The IMF Executive Board completed the seventh and eight reviews on March 20, 2019, under the Extended Credit Facility (ECF) supported arrangement.

The fund pointed out that, considering Ghana’s resolve to tackle difficult reforms, the Executive Board also approved the authorities’ request for a waiver of the nonobservance of a few program targets.

Ghana’s three-year arrangement was approved on April 3, 2015, for about US$925.9 million or 180 percent of quota at the time of approval of the arrangement.

It was extended for an additional year on August 30, 2017, and is to end on April 2, 2019.

The arrangement aimed to restore debt sustainability and macroeconomic stability in the country to foster a return to high growth and job creation while protecting social spending.


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Bawumia to engage Ghanaians on country’s economy on April 3



Bawumia to engage Ghanaians on country’s economy on April 3

Vice President Dr Mahamudu Bawumia and Head of the Government’s Economic Management Team, will on April 3, lead government team to a Town Hall Meeting at the College of Physicians and Surgeons to answer questions from the public on government policies and programmes.

The meeting, under the auspices of the Ministry of Information, would enable government officials, including state actors such as Ministers of State, Metropolitan, Municipal and District Chief Executives and heads of agencies to provide account of their stewardship and provide vital information to the public.

It would also afford Ghanaians the opportunity to ask pertinent questions bordering on the various sectors of the economy and make contributions towards the governance process.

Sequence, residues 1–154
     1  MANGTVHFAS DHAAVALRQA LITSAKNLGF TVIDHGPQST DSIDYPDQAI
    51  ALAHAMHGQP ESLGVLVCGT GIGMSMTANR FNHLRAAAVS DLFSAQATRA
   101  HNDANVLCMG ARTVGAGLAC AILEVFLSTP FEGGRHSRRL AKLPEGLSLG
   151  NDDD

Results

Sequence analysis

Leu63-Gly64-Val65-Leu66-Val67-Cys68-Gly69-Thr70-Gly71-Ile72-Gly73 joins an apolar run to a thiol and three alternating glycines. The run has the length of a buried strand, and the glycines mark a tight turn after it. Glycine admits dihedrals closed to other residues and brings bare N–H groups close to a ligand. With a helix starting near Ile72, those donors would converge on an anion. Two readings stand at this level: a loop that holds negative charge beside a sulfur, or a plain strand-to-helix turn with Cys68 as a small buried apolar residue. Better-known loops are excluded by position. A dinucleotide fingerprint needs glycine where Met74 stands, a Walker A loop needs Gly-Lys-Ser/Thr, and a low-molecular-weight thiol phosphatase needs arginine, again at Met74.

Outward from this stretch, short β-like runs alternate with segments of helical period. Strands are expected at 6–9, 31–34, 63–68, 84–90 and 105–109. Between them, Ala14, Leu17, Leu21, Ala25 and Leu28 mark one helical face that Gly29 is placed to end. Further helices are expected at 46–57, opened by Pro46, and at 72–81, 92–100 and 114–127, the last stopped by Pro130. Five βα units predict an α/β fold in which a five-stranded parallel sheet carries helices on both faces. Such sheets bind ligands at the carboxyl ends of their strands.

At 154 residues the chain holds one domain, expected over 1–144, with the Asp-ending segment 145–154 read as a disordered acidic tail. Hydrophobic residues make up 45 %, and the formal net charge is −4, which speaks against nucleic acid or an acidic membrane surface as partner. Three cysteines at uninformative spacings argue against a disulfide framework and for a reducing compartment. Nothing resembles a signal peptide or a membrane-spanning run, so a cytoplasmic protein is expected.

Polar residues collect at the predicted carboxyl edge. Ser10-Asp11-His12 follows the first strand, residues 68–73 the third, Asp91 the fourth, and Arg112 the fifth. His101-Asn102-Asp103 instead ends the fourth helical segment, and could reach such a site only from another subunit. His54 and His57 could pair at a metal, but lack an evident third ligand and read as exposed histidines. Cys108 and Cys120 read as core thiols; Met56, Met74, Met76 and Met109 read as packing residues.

Mr Kojo Oppong-Nkrumah, the Information Minister, addressing journalists at a media encounter in Accra on Wednesday, said the maiden town hall meeting would come off on March 29 at Kasoa Datus School Park.

He said a total of 24 separate town hall meetings would be organised across the country this year.

The Minister said the town hall meetings were designed to bring governance closer to the people and showed a major shift in the government policy to make information accessible and useable by both Ghanaians within and in the Diaspora.

The town hall meetings, he said, would be accompanied by exhibitions by the Information Services Department that would provide pictorial and audio visuals of government activities over the past two years.

Mr Oppong-Nkrumah also used the media encounter to brief journalists about the Vice President’s official visit to India, to participate in the 14th Confederation of India Industries EXIM Bank on India-Africa Partnerships held in New Delhi, India.

Vice President Bawumia encouraged more investments for the country and held separate meeting with the India EXIM Bank officials.

During the meeting, Mr Oppong-Nkrumah said the Vice President signed a $150 million financing facility for agricultural mechanisation in Ghana and a $30 million facility for the Yendi water project.

The Minister explained that the $150 million facility would be used for provide equipment and training for the various agriculture mechanisation centres and service of equipment centres for access to farmers, while financing of the Yendi water project would aid in ensuring rapid socio-economic development in the area following the peaceful resolution of the age-long chieftaincy litigation.